Monday, June 13, 2011

a Pitch, a Punch & a Flip

You may not agree with me, but where I come from there are a awful lot of similarities between pitching, punching and flipping. A lot the same baits and terminal tackle can be used for each, and sometimes it just comes down to where you are and what kind of water you are about to launch your bait into.

Lets start off with terminology,( since in different region each can mean something slightly different) today Im talking about flipping, pitching and punching Texas rigged baits only, so get the bulky jigs out of your head. When i say pitching or flipping, im talking about the throwing baits in and around cover and structure. A quiet approach of slipping my bait into areas that I hope is holding fish. Now when I say punching! Im talking about the art of punching my bait through the thick slop or matted weed beds. This approach is not so stealthy as the other method but it does require accuracy and patience.. now that we have that out of the way...

As with all techniques gear, terminal tackle and bait are all very important and each angler will argue a case of each of them being more important than the other. For me they are all equally important.

Rod &Reel Lets start of with your rod and reel. For the rod i like to go with something atleast 7ft in length a MH rod with a F to XF tip. This is a great rod size for flipping and pitching. If the rod was only for punching, then i may opt up to a H rod over the MH. As for the reel, you need something with cranking power that picks up line quick. I use a Shimano Curado 300 series.  Everyone has their own preference in brands so I wont be insulted if you choose a Quantum

Line When it comes to these techniques you really have two choices.. braid, or braid with a leader.  The leader may come in handy in clear water situations but for most of the lakes i fish, i can get away with using straight braid. On average I will spool up with 50-65lb Power Pro, this season Im giving the new Suffix 832 a shot as well. There are many quality braids on the market so choose one you like, because at $20 or more a spool you don’t want to be throwing any away. 

Tip: If not using a leader when pitching and flipping you can use a marker to darker the line. This will allow you to get away with higher vis line. This tip is shared by many of the pro’s so I don’t think it will be news to you.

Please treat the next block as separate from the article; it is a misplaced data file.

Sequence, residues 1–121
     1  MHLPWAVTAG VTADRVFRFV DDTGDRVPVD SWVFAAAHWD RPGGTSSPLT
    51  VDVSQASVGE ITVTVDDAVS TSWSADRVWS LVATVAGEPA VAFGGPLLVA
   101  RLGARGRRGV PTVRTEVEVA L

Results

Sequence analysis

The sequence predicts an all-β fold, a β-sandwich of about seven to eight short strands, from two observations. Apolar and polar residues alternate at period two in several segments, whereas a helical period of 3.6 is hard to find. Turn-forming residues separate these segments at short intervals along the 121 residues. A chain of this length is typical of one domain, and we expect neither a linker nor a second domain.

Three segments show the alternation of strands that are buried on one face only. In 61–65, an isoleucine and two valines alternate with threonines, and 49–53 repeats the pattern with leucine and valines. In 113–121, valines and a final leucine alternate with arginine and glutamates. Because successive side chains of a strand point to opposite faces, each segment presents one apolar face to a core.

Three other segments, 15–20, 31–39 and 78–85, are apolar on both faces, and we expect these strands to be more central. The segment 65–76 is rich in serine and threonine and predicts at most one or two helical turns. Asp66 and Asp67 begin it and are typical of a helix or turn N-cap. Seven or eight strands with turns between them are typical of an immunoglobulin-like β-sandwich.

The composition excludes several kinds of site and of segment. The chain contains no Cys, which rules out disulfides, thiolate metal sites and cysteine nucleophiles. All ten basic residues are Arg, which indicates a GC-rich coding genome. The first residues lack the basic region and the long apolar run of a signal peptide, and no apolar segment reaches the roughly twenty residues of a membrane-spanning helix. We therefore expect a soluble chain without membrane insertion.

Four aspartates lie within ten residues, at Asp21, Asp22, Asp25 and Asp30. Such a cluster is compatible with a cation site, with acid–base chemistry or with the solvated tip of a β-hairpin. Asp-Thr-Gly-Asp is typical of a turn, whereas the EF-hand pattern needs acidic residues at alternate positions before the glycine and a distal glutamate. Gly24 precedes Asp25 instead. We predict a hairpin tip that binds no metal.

Hooks You want something sharp, and you want something strong.. Im guessing this is not news to you either. There is always debate over wide gap off set hooks over standard hooks. I use the standard hook for punching; I don’t need anything making it harder for my bait to slide through the slop. For pitching and flipping I still use a wide gap in most situations. You cant go wrong with Gamakatsu hooks, i carry both the standard and lighter gauge wire, in both red and nickel. 

Tip: Try new hooks when they hit the market. Purchasing a pack of hooks is relatively inexpensive. Even if you are happy with your current brand it is a good idea to see what’s out there, see with different options are available. You may be surprised and find something that improves your hook-up ratio or presents you bait a little differently.

Bullet Weights 
This is a vastly changing and growing market. With the introduction of Tungsten it has allowed for smaller and stealthier presentations. But tungsten is not the only change, weights went from being pegged or screwed down to being insert free and bobber stopped?  If you had looked at my collected of bullet weights 2 years ago you would have seen nothing but screw down weights with an insert. Now you will find insert free tungsten weights and a collection of rubber bobber stops. These new options still provide the snug fit of a pegged weight but do less damage to your plastic bait. If you are flipping and pitching you can ease up and leave a bit more play and when punching you can increase the pressure and keep the weight firmly on the head of the bait.


Here is where things start to veer indifferent directions.  Im not going to get into specific baits, but more styles of baits. I run with three styles.. Small (compact), medium (a bit of bulk) and large (bulky). If Im flipping and pitching I will usually opt for the medium to large baits. I don’t need to sneak into smaller holes and the bulky baits can ensure Im seen and seen quickly. When punching I tend towards the small baits.. remember small does not mean short! a 8in worm may still be small, since the thin profile allows me to get it into holes without hanging up. Each of these baits will cover a variety of areas and it all comes down to what the fish want.

I did not cover the skirt aspect of punching since this is something I have never tried. It is not a common method if my area , we stick to punching baits and leave the shirts on our jigs

So as you can see a few simple baits, a hook and a bullet weigh make up the key to all three of these techniques. Each may have it's suble differences, but if you have all of thee above, but sure to give each method a try.. you will catch more fish

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